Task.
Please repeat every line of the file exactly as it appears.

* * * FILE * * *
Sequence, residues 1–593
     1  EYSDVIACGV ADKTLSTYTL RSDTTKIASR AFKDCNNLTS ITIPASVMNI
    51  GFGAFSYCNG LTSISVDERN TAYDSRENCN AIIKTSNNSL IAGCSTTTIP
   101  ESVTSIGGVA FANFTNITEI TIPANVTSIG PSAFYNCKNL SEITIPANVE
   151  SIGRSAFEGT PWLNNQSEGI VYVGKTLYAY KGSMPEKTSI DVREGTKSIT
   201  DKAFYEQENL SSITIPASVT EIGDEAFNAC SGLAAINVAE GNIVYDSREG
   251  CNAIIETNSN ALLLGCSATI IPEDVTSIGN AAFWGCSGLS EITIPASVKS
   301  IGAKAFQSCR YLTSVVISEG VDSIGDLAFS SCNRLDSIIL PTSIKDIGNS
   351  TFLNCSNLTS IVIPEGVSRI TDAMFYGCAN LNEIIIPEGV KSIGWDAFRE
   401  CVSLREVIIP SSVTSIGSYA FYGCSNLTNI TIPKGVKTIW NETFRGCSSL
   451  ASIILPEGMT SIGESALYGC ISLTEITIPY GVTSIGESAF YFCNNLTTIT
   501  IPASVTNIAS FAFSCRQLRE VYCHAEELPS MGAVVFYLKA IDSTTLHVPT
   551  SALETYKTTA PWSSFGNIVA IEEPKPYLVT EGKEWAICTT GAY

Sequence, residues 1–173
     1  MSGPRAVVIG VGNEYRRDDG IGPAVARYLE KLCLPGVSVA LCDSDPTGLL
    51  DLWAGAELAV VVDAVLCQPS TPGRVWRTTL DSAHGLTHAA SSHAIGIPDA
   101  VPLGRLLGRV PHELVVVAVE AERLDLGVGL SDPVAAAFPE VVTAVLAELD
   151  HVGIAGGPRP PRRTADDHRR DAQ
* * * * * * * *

Sequence, residues 1–593
     1  EYSDVIACGV ADKTLSTYTL RSDTTKIASR AFKDCNNLTS ITIPASVMNI
    51  GFGAFSYCNG LTSISVDERN TAYDSRENCN AIIKTSNNSL IAGCSTTTIP
   101  ESVTSIGGVA FANFTNITEI TIPANVTSIG PSAFYNCKNL SEITIPANVE
   151  SIGRSAFEGT PWLNNQSEGI VYVGKTLYAY KGSMPEKTSI DVREGTKSIT
   201  DKAFYEQENL SSITIPASVT EIGDEAFNAC SGLAAINVAE GNIVYDSREG
   251  CNAIIETNSN ALLLGCSATI IPEDVTSIGN AAFWGCSGLS EITIPASVKS
   301  IGAKAFQSCR YLTSVVISEG VDSIGDLAFS SCNRLDSIIL PTSIKDIGNS
   351  TFLNCSNLTS IVIPEGVSRI TDAMFYGCAN LNEIIIPEGV KSIGWDAFRE
   401  CVSLREVIIP SSVTSIGSYA FYGCSNLTNI TIPKGVKTIW NETFRGCSSL
   451  ASIILPEGMT SIGESALYGC ISLTEITIPY GVTSIGESAF YFCNNLTTIT
   501  IPASVTNIAS FAFSCRQLRE VYCHAEELPS MGAVVFYLKA IDSTTLHVPT
   551  SALETYKTTA PWSSFGNIVA IEEPKPYLVT EGKEWAICTT GAY

Sequence, residues 1–173
     1  MSGPRAVVIG VGNEYRRDDG IGPAVARYLE KLCLPGVSVA LCDSDPTGLL
    51  DLWAGAELAV VVDAVLCQPS TPGRVWRTTL DSAHGLTHAA SSHAIGIPDA
   101  VPLGRLLGRV PHELVVVAVE AERLDLGVGL SDPVAAAFPE VVTAVLAELD
   151  HVGIAGGPRP PRRTADDHRR DAQ